When we think about education, we think about the high costs of post-secondary education. Today, tuition fees for students who attend full-time post-secondary institutions are typically between $ 2,500 and $ 8,000 per year, if not more. This is too high for a medium income family. To this amount are added books, school supplies, fees, transportation, accommodation and related expenses. With a growth rate higher than inflation, it is not surprising that the costs of studying become a source of debt for young people.   It is true that studies can be very expensive, but they remain an excellent investment.

A recent Canadian census revealed that more than 60% of the people with the highest income had a post-secondary diploma. To help parents finance their children’s education and avoid debt, the Registered Education Savings Plan (RESP) is an effective way to help.  

What is RESP?

The RESP is a special savings product registered with the Government of Canada, which allows the subscriber (the person who establishes an RESP contract with a supplier and designates a beneficiary on whose behalf it will make contributions) to save Beneficiary of the plan can pay for the costs of his / her post-secondary education. Amounts deposited in the RESP accumulate and generate tax-sheltered income until the beneficiary enters a post-secondary education and the subscriber can apply for withdrawal on behalf of the beneficiary so that the beneficiary May pay the costs of schooling.   One of the main benefits of the RESP is the incentives paid by governments: Of Canada: Basic and Additional Canada Education Savings Grant (CESG). Knowledge First Financial is one of the company that grants RESP.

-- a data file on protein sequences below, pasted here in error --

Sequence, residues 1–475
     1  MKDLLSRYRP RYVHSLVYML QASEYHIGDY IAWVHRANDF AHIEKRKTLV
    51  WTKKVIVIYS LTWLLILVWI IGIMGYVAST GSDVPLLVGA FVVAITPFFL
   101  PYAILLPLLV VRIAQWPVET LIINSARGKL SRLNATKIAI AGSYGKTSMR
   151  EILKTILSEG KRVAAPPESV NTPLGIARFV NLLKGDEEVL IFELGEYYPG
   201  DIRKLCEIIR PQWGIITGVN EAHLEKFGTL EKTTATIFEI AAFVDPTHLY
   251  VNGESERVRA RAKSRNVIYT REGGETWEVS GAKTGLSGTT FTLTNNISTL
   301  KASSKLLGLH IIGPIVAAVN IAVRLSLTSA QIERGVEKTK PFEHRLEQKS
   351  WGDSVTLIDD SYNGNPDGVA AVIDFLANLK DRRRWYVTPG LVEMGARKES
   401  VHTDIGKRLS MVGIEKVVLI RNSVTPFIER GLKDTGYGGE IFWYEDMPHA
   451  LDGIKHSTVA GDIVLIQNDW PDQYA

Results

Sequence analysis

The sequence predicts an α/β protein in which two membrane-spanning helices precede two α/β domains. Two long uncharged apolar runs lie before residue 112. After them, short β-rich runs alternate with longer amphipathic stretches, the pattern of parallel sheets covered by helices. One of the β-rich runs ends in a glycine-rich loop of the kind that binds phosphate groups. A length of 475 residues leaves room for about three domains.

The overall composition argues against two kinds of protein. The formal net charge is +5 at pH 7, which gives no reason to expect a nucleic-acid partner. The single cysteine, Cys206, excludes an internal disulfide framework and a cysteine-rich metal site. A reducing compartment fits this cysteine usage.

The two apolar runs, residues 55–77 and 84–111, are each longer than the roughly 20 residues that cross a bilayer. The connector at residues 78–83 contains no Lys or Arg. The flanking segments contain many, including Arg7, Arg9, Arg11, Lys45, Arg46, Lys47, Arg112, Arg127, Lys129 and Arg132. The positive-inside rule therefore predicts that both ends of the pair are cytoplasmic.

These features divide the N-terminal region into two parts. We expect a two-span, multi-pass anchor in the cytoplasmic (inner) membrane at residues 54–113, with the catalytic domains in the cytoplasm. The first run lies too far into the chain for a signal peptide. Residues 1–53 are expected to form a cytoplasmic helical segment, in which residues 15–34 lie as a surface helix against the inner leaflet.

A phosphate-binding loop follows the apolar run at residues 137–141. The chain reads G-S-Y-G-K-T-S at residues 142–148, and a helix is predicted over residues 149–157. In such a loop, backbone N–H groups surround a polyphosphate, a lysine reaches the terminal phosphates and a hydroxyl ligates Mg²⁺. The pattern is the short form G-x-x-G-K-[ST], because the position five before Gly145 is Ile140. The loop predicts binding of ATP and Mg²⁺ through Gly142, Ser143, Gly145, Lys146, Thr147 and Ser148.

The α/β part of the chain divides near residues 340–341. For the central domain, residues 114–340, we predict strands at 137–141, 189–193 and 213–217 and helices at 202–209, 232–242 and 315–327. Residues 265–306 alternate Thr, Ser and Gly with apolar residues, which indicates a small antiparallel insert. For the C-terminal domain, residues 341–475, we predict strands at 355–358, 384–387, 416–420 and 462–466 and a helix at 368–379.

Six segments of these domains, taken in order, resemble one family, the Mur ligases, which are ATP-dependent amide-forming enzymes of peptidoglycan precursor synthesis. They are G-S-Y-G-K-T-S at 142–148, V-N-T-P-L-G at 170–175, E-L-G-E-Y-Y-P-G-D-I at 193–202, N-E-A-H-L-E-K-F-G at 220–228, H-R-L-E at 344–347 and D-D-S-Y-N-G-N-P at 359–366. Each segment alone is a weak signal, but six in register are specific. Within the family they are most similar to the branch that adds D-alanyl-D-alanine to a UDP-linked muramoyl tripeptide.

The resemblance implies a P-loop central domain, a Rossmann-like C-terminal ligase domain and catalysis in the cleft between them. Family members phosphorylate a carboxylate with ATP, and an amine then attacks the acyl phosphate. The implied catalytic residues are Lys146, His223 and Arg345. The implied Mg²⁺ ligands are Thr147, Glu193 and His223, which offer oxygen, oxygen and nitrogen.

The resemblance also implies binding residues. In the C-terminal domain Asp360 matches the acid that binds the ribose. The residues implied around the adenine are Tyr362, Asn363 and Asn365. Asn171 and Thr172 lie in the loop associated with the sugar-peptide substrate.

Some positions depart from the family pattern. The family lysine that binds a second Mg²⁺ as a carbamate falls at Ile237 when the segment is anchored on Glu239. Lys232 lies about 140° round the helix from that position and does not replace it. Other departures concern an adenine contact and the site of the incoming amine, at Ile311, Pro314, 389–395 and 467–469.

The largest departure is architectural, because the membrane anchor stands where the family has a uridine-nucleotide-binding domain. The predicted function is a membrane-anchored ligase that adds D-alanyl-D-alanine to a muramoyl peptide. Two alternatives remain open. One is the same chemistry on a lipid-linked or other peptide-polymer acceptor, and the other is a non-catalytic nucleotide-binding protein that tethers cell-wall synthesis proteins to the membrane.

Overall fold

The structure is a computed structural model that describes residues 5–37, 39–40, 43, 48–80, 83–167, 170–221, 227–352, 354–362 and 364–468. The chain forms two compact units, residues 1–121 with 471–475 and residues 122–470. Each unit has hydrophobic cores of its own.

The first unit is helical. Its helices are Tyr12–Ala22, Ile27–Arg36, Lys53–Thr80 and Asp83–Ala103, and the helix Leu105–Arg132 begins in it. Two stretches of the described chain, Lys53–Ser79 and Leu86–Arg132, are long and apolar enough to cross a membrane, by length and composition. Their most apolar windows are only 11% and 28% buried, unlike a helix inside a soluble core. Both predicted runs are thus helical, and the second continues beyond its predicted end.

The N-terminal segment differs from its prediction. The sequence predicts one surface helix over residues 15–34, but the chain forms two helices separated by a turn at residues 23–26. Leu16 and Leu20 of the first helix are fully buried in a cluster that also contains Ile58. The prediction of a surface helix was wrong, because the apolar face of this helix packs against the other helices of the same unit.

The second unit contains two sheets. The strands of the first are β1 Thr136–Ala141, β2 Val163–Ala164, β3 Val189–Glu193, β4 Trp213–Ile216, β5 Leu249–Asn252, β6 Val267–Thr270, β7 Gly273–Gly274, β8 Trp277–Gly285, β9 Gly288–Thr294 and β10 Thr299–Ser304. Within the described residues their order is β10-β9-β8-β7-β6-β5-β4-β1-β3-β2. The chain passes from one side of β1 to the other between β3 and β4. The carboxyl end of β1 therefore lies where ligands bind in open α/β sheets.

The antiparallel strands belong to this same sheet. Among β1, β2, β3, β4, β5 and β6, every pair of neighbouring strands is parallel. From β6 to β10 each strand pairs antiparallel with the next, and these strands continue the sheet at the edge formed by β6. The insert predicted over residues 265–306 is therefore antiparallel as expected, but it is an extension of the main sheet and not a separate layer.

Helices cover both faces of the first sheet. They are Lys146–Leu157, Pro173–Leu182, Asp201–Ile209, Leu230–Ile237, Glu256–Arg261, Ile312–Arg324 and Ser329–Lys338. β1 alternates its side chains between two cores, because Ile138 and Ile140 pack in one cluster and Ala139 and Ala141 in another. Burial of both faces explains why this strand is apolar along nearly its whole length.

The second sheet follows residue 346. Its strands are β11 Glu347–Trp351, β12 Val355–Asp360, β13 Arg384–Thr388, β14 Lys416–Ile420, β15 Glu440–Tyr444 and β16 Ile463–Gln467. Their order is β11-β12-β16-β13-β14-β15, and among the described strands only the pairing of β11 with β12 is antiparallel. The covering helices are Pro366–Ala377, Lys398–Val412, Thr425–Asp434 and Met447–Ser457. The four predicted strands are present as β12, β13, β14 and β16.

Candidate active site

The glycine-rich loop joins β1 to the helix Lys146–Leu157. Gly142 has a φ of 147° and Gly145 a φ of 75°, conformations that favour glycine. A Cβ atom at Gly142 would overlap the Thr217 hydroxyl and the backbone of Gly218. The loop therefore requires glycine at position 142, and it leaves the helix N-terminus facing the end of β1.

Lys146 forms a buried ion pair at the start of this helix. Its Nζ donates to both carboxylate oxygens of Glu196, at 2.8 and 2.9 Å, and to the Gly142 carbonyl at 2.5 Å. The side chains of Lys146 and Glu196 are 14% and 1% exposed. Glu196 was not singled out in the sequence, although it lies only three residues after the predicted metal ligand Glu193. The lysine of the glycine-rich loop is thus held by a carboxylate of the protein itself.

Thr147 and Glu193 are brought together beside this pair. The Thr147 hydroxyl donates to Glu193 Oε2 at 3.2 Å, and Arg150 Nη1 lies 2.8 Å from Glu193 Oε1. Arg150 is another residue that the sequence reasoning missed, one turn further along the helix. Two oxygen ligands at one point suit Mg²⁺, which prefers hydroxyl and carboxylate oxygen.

To qualify for these incentives, you must open an RESP and provide the Social Insurance Number (SIN) of the subscriber and the designated beneficiary. Before proceeding, it is important to get information from the various suppliers about the types of plans offered and their respective conditions, so as to choose the one that best meets the needs:

  • The individual RESP: where there is a single subscriber (or two subscribers with a relationship as spouses) and a single beneficiary who is not required to be related to the subscriber. Since no age limit is imposed, a subscriber may be the beneficiary of his own plan.
  • The family RESP: where a subscriber (or two spouses) can appoint multiple beneficiaries, provided that they are all related to them by blood or adoption and are under 21 years of age.
  • The collective RESP: where a set of individual plans are pooled (collective trust) and administered by various age groups. As a result, it is a less flexible regime for both investment choice and disbursement, since sums could not be recovered if the beneficiary did not pursue post-secondary education. Making money work

Once the RESP is opened, the subscriber can make contributions and invest the money in various investment options. In an individual or family RESP, the policyholder decides when to contribute and has no restrictions on the choice of investments.

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